How Many FBAR Penalties For Account Violation is Enough?
Courts Do Not Agree on One FBAR Penalty Per Form: FBAR Penalties are a key enforcement priority for the IRS. The Internal Revenue Service has turned up the heat on US taxpayers for undisclosed offshore accounts, assets and investments. What’s so infuriating, is that the FBAR is not even a tax form. In fact, a person may have a zero tax liability, and owe no taxes at the time they file their late FBAR — but still get hit with a monstrous foreign bank and financial account penalty.
The question is: how many FBAR penalties for account violation is enough?
Non-Willful FBAR Penalties
When it comes to civil FBAR penalties, there are various levels of penalty that the IRS can pursue.
It starts at a warning letter in lieu of penalty, and goes all the way up to a $10,000 per account per year penalty — up to 50% maximum account balance for all accounts in that year.
Whether or not this penalty framework is enforceable is still up for debate. While the IRS has been known to issue per violation/per year penalties — courts are not always amenable to enforcing these penalties.
In fact, in a recent FBAR case decision in Connecticut (U.S. v. Kaufman), the court found that the FBAR penalty should be limited to one non-willful penalty per form, per year.
In other words, if a person files a late FBAR, and they had 15 different accounts with a total value of $1,000,000 — the maximum non willful FBAR penalty should still be $10,000 (adjusted for inflation).
Not all courts agree and some courts are more than willing to issue multiple penalties.
Willful FBAR Penalties
When it comes to willful FBAR penalties, it can get a lot worse. The penalty is essentially $100,000 (adjusted for inflation) or 50% penalty on the total maximum value of all the unreported accounts — whichever is greater.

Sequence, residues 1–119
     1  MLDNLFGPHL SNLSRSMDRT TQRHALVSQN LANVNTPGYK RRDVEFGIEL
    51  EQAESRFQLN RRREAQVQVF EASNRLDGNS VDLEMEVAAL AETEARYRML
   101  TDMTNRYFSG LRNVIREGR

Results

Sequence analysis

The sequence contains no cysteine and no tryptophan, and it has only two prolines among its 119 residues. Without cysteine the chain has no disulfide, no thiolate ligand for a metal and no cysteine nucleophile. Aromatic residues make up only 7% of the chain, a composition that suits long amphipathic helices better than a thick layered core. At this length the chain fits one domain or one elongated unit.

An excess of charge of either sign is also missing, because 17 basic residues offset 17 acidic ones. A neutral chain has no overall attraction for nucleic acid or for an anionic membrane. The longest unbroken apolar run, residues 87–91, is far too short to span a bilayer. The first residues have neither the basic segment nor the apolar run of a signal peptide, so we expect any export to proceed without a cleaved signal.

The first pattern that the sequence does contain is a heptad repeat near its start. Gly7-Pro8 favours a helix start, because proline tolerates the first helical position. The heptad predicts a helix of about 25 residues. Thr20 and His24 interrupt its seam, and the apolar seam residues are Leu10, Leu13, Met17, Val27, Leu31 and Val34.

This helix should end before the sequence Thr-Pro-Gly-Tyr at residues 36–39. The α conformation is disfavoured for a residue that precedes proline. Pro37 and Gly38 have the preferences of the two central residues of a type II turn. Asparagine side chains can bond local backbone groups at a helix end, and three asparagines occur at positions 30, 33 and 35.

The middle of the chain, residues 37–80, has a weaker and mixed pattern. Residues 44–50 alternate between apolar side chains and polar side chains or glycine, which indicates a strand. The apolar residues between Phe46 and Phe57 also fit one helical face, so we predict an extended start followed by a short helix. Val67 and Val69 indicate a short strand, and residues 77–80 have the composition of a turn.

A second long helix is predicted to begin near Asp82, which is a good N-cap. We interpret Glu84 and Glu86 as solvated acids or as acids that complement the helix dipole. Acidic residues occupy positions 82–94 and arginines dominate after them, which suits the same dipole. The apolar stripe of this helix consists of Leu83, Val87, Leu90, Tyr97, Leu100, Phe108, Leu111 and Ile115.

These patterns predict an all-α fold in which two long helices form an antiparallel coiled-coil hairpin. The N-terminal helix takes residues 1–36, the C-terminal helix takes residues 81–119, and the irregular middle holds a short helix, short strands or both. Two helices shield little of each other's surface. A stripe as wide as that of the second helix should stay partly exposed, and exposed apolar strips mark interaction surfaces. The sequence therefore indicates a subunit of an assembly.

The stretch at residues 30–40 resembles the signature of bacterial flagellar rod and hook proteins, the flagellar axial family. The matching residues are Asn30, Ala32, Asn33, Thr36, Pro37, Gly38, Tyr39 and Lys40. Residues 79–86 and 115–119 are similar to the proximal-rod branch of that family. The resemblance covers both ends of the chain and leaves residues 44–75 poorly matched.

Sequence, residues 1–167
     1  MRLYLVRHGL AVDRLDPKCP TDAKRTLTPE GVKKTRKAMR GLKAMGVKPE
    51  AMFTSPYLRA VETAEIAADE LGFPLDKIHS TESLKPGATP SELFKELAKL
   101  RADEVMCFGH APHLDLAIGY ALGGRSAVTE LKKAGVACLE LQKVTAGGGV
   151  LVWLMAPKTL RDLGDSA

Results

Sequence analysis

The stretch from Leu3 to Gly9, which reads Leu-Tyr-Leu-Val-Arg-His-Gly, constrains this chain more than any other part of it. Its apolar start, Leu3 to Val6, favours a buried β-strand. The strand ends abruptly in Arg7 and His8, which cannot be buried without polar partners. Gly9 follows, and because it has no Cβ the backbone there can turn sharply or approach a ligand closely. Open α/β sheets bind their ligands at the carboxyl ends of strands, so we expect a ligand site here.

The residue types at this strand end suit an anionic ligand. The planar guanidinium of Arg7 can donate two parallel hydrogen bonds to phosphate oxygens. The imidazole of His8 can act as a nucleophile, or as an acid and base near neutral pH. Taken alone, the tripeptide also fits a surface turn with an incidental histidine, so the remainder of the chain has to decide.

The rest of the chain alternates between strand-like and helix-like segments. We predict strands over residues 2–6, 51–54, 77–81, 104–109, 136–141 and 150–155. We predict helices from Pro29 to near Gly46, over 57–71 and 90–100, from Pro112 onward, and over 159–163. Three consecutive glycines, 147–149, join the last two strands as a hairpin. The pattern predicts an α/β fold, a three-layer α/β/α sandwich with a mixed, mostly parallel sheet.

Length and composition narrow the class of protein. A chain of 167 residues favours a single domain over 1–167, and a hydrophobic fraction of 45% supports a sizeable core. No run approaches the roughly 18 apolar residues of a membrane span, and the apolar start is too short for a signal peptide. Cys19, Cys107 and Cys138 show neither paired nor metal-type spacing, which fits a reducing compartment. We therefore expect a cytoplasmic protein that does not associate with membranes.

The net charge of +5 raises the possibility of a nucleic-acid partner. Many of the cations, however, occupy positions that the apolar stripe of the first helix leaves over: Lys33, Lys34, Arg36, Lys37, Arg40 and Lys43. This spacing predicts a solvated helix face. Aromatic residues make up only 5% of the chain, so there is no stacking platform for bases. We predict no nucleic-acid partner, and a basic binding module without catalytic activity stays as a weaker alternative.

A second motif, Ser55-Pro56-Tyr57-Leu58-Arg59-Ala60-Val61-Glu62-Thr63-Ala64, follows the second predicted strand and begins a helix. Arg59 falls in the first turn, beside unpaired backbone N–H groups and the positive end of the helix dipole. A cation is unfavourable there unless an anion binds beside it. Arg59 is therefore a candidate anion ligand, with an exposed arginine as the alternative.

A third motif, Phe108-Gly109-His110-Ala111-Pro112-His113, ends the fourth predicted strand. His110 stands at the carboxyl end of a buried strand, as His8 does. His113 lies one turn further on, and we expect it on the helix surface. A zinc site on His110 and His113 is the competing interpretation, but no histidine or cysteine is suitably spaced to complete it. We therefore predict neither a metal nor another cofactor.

This standard essentially makes the $100,000 the floor or least amount of penalty.
Some taxpayers have argued that the maximum penalty should be $100,000 — and nearly all courts disagree with that position.
One thing to keep in mind is no matter what penalty has been issued, the IRS agents and examiners have authority and discretion to reduce the penalty. The $10,000 and $100,000 values are the maximum values that can be issued per violation. And, while it is commonplace for the IRS to issue penalties based on the maximum allowable value — there is always room for negotiation.
FBAR Penalties are in a State of Flux
In conclusion, courts around the country disagree on how FBAR penalties should be enforced. While some courts will limit the amount of non-willful penalties to $10,000 per year, other courts agree with the IRS that the FBAR penalty is based on the number of violations in a given year — up to a certain cap.
Even if a Taxpayer has been issued penalties by the Internal Revenue Service, the examiners have discretion to reduce or abate the penalties.
Our FBAR Lawyers Represent Clients Worldwide
Our FBAR Lawyer team specializes exclusively in international tax, and specifically IRS offshore disclosure.
Contact our firm today for assistance.